The perfect firestorm of Karmic Kraziness has descended upon the American midwest.
I have no idea what is going on in the grand scheme of things, but it seems my entire group of friends and my family have been dumped on by the cosmic garbage dump. I'm seriously afraid to talk to anyone for fear of discovering yet another negative scenario playing itself out.
An extended family member has suffered terrible calamites (personal and medical) in the past week, the extent of which are somewhat unbelievable. Let's just say last Friday he lost his job, Saturday an emergency situation arose in which it was determined he needed quadruple bypass surgery and today, one week later he's fighting for his life. If you pray, can you pray?
Having devoured the three real-life adventure books, I'm on another journey. This time with Elizabeth Gilbert.
"Eat, Pray, Love", by Elizabeth Gilbert, 89 cents at Goodwill.
It's no secret that I've got the "Eat" subject covered. In the book "On the Water" the author paddles his way around the eastern half of the continent fueled by nothing more than peanut butter and crackers. It must be a guy thing because I could not imagine paddling a hundred miles without the reward of Linguini Carbonara at the end of the day.
Elizabeth has it right.
Eat wonderful food and take pleasure in it's comforting powers. Be a naysayer to those who urge you to abstain from butter and gelato in an effort to promote health. Mental heath and soulful health require that occasionally you immerse yourself in a large plate of chicken and dumplings.
When I called my mom yesterday morning it was obvious the recent events have left her rocky. The elderly are fragile in way that I'm beginning to understand all too well. She's in a senior building with hundreds of apartments. Death stalkss the halls at night and coffee hour mostly brings more bad news. Although she was not particularly close to this extended family member, his youthful age (53) and the painful circumstances shatter the thin shell she's constructed.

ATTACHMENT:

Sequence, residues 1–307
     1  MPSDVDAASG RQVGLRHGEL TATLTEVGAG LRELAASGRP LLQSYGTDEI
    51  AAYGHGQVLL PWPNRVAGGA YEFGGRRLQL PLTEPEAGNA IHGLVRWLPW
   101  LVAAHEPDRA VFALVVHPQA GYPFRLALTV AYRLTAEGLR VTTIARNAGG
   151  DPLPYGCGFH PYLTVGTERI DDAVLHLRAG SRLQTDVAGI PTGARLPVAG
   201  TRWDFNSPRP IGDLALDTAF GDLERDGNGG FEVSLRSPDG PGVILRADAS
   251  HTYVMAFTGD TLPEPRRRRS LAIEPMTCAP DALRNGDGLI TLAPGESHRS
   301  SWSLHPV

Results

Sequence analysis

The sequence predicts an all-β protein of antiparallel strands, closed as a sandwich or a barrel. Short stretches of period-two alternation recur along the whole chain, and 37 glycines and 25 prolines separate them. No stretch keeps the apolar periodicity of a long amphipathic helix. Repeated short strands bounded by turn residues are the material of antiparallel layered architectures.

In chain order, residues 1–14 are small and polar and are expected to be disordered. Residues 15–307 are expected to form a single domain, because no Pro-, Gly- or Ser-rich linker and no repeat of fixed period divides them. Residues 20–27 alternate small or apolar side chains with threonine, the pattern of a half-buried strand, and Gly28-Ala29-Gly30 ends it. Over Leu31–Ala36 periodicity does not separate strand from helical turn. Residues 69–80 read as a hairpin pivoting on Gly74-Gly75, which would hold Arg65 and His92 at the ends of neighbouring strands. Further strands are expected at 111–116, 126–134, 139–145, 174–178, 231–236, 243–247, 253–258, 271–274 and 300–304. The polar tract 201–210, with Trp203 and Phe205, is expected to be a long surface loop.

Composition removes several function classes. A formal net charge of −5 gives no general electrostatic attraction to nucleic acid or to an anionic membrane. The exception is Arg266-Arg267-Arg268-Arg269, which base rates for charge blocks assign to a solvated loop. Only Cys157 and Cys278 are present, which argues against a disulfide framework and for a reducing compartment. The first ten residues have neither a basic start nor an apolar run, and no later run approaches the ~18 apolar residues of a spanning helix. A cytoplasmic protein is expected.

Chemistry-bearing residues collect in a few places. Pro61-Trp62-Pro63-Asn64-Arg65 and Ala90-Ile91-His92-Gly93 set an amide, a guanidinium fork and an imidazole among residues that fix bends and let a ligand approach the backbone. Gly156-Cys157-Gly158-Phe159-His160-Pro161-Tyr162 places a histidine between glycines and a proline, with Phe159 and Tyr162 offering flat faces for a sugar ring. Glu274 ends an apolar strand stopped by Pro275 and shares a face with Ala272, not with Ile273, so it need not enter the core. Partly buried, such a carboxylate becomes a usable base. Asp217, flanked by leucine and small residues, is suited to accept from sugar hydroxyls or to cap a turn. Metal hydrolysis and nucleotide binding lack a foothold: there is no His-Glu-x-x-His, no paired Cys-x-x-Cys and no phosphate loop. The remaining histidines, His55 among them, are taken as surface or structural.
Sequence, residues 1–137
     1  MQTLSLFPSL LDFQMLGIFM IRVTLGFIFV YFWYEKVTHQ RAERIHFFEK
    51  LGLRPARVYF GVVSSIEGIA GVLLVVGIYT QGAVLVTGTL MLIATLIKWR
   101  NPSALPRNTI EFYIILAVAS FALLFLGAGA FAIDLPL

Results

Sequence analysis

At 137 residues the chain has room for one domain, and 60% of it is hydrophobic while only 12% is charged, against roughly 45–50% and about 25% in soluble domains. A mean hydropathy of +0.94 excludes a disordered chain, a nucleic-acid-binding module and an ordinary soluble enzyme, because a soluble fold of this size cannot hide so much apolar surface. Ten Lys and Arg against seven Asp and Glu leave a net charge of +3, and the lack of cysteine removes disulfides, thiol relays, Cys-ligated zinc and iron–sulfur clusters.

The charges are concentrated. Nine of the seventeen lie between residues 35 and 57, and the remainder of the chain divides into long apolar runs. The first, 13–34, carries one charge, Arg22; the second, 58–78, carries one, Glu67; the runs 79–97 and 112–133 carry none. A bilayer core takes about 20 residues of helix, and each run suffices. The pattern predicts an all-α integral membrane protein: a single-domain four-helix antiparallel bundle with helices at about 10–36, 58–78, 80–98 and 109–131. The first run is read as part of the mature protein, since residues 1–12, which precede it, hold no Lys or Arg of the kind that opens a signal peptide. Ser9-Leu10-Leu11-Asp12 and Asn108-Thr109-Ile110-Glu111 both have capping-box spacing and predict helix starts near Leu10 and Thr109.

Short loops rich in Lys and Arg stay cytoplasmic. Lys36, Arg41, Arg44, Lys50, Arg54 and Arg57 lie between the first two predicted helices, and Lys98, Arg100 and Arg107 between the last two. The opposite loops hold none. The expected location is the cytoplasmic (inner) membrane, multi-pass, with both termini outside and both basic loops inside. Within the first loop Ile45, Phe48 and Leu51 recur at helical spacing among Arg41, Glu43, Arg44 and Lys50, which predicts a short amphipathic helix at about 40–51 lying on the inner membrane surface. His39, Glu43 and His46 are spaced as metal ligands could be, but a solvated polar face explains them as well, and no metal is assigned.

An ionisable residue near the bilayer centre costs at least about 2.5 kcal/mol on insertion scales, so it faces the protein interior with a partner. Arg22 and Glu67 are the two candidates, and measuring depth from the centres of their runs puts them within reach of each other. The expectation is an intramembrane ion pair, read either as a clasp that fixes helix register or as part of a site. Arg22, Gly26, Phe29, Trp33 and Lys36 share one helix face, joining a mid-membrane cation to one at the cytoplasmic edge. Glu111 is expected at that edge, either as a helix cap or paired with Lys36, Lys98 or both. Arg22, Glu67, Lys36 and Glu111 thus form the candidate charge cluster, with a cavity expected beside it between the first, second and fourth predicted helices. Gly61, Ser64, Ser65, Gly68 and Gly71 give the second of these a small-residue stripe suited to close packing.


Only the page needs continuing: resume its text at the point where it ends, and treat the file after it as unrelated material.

She was contemplating a trip to the hospital to sit with his family members.
"No, no!" I said.
"I'm coming out there. We're going to go to lunch and eat chicken and dumplings."
"And biscuits with real butter and honey. We'll share a small dish of fried apples."
She agreed, with little reluctance in her voice. I think she was happy to relieve herself of a self-imposed obligation that would only shatter her further.
"And then we will pray," I continued.
"Not for a whole and undamaged body to be restored because that night not be an option. We'll pray that everyone who loves him will be given the strength to handle whatever comes next and he will be given strength to face his challenges."
After lunch we returned to her 14th floor apartment. I mentally swept the hallway of those deathly spirits and we sat in silence, looking out over the monotonous winter landscape,
...... and thought about love. A daughter's love for her father, now lying in a hospital bed, a mother's love for her daughter who is facing the loss of her father in his whole and untouched self, the love of a grandmother who feels for both of them.